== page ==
The story begins in a village, where Ramu (Amit Ganguly, Kishore Kumar’s son in real life too) goes every day to the riverbank along with his dog to look out for his father. Shankar (Kishore Kumar) is a soldier who’d gone off to war, and now that the war is over, Ramu waits expectantly to have his father home.
One day, Shankar does return, a happy and relieved man, glad to be finally back home again. But he’s shattered when he discovers that the home he knew is gone: the house caught fire and burnt down, killing both Shankar’s father and wife. Ramu, who escaped, witnessed the fire and saw his grandfather and mother die—a traumatic episode which has rendered him mute ever since.
Shankar, after some unsuccessful attempts at encouraging Ramu to speak, decides there’s only one thing to be done: he will take Ramu to the city. He will go to every doctor he can, and find a cure for Ramu. He will make sure Ramu’s voice returns.
So, leaving his fields in the care of the old neighbour who’s been looking after them (and after Ramu) all these past months, Shankar sets off, with Ramu and the dog.
They stop to rest at one place, and Shankar tells Ramu to wait beside the road while he (Shankar) goes downhill a little to a stream to fetch some water. Ramu, left by himself, climbs up a pile of logs lying beside the road—and the logs roll down, blocking the road. Just then, a cart comes trundling along. In it are three men: the Thakur (Raj Mehra) and his two ne’er do well sons, the elder one Jagga (Iftekhar) and the younger one (Sajjan).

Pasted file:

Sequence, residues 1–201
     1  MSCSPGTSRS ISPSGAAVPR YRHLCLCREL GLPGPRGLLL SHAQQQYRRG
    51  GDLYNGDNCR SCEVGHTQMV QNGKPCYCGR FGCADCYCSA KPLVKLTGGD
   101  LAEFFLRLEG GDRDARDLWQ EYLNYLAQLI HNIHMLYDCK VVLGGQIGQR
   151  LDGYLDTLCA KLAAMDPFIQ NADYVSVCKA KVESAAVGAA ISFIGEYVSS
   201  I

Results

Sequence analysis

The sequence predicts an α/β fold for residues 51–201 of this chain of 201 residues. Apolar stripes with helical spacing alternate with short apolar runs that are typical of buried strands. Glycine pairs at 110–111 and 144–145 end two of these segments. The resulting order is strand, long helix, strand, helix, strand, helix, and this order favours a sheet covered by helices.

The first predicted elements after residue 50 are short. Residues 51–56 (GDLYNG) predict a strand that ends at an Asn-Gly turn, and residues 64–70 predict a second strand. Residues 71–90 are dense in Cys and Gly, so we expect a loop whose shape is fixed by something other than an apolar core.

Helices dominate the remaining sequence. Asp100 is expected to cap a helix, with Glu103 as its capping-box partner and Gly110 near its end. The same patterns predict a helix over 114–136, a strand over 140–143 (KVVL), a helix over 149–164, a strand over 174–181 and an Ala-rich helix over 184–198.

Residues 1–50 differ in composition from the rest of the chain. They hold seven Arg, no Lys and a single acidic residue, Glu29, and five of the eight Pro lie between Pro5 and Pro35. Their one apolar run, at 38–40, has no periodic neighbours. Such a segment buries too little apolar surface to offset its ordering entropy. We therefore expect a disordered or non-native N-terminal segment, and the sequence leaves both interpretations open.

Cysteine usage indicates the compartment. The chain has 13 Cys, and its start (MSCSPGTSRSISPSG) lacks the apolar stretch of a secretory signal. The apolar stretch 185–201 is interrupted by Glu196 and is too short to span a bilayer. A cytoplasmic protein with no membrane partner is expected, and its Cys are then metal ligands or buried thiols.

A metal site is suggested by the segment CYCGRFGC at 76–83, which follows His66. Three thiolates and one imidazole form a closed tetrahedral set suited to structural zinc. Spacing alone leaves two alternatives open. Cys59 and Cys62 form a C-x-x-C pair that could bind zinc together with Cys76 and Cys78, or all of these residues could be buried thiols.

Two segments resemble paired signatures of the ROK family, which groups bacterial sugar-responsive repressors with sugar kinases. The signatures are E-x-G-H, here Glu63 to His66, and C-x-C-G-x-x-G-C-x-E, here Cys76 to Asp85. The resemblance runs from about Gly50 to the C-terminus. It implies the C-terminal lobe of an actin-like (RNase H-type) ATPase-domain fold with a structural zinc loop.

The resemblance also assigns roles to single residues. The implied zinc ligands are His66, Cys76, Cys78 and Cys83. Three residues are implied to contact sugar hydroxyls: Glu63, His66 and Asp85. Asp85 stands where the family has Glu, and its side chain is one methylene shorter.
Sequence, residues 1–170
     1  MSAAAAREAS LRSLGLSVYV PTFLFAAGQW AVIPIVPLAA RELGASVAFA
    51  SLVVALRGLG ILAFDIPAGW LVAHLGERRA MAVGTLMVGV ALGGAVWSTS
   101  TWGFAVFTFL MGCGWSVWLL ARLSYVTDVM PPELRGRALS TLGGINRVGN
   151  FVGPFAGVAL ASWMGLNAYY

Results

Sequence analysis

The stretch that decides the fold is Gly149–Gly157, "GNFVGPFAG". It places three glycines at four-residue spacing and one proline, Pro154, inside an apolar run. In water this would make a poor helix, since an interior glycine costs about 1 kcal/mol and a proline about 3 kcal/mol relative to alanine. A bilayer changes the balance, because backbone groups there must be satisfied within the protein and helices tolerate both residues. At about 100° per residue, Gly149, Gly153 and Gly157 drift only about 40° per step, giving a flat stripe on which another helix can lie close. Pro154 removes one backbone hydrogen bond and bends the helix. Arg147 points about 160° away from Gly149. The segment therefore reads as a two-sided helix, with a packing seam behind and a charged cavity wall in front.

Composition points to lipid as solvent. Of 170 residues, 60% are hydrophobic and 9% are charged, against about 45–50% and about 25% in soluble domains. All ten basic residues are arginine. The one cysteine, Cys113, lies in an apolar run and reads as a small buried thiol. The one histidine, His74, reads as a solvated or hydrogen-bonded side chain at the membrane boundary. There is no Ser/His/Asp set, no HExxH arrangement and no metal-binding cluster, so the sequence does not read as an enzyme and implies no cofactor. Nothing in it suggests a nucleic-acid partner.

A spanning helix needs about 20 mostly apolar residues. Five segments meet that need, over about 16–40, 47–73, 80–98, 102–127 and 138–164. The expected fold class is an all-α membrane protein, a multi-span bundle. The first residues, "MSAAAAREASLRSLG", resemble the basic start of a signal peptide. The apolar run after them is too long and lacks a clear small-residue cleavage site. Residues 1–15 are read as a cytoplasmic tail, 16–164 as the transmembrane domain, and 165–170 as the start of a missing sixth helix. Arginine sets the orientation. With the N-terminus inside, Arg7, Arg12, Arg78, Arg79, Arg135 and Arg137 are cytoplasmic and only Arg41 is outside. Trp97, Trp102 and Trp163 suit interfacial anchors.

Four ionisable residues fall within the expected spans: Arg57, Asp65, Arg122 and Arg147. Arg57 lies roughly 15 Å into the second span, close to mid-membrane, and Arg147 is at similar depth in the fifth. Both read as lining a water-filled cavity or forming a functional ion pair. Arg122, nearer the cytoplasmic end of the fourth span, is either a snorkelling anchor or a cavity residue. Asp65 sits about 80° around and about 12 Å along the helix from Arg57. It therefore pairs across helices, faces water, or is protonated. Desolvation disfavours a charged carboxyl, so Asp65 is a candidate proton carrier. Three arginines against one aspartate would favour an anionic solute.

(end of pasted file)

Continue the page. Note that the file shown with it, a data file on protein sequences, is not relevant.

Jagga, hot-tempered and belligerent, immediately gets off the cart and comes to Ramu, raging at him for having blocked their way. And why doesn’t the boy speak, he shouts. Is he mute?
Shankar, having heard the ruckus, comes running up and confronts Jagga. Jagga’s father and brother, from the cart, encourage Jagga to let Shankar know who’s boss here. Jagga hits—and Shankar hits back, but just when it seems Shankar is going to get the better of him, Jagga comes up behind Shankar and whacks him one on the head, felling Shankar.